Environment Magazine

How to Feed the World Without Costing the Earth

Posted on the 05 July 2018 by Bradshaw @conservbytes

How to feed the world without costing the EarthI’m excited to announce the upcoming public lecture by world-renowned sustainability scientist, Professor Andrew Balmford, at Flinders University on 17 July 2018.

Andrew is Professor of Conservation Science and a Royal Society Wolfson Research Merit Award holder at the Department of Zoology, University of Cambridge, and is on sabbatical at University of Tasmania until December 2018. His main research interests are exploring how conservation might best be reconciled with land-demanding activities such as farming, quantifying the costs and benefits of effective conservation, and examining what works in conservation. In his book Wild Hope (Chicago University Press), he argues that cautious optimism is essential in tackling environmental challenges. Andrew helped establish the Student Conference on Conservation Science, and Earth Optimism.

How to feed the world without costing the Earth
Professor Balmford will be presenting his seminar “How to feed the world without costing the Earth” (hosted by the Ecology & Evolution Research Group) at the Bedford Park Campus of Flinders University in South Lecture Theatre 1, from 12:00-13:00 on 17 July 2018. All are welcome.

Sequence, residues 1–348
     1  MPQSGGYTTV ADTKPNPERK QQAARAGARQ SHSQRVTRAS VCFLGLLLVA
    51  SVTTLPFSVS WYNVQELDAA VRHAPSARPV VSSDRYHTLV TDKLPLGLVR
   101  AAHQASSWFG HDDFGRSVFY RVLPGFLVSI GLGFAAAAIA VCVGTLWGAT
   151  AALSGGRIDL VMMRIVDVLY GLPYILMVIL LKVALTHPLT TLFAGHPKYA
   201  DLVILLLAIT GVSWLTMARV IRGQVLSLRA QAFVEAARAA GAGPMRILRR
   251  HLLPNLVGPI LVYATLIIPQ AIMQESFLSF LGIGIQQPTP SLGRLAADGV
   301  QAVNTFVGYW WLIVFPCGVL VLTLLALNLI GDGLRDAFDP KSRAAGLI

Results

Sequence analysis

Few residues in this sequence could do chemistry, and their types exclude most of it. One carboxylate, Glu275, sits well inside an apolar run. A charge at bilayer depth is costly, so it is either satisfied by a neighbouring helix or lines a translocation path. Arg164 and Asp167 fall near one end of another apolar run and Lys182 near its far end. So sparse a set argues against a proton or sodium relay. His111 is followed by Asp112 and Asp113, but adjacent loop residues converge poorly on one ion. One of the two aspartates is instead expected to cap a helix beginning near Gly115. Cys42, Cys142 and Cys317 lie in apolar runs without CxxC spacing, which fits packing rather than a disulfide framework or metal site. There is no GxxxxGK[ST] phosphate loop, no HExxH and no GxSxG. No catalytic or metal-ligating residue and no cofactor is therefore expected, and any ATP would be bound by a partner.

Abstract: Globally, agriculture is the greatest threat to biodiversity and a major contributor to anthropogenic greenhouse gas emissions. How we choose to deal with rising human food demand will to a large degree determine the state of biodiversity and the wider environment in the 21st century. My talk focuses on two contrasting supply-side approaches to this challenge: land sharing, in which farmland is made as friendly to wildlife as possible, albeit at the cost of lower yields; and land sparing, in which space for nature on unfarmed land is maximised by farming elsewhere at high yields. Developing and then parameterising a simple model of the population-level impacts of these alternative approaches shows that across five continents, many biomes, and almost 2000 species ranging from birds to sedges, a land-sparing approach consistently outperforms land sharing, particularly for species of highest conservation concern. These findings raise further important questions – about other consequences of high- vs lower-yield farming, how to increase yields while lowering environmental externalities, and how to tie yield increases to setting aside land for nature – but they also suggest it might be possible to feed 9 billion people while safeguarding much of wild nature.

CJA Bradshaw

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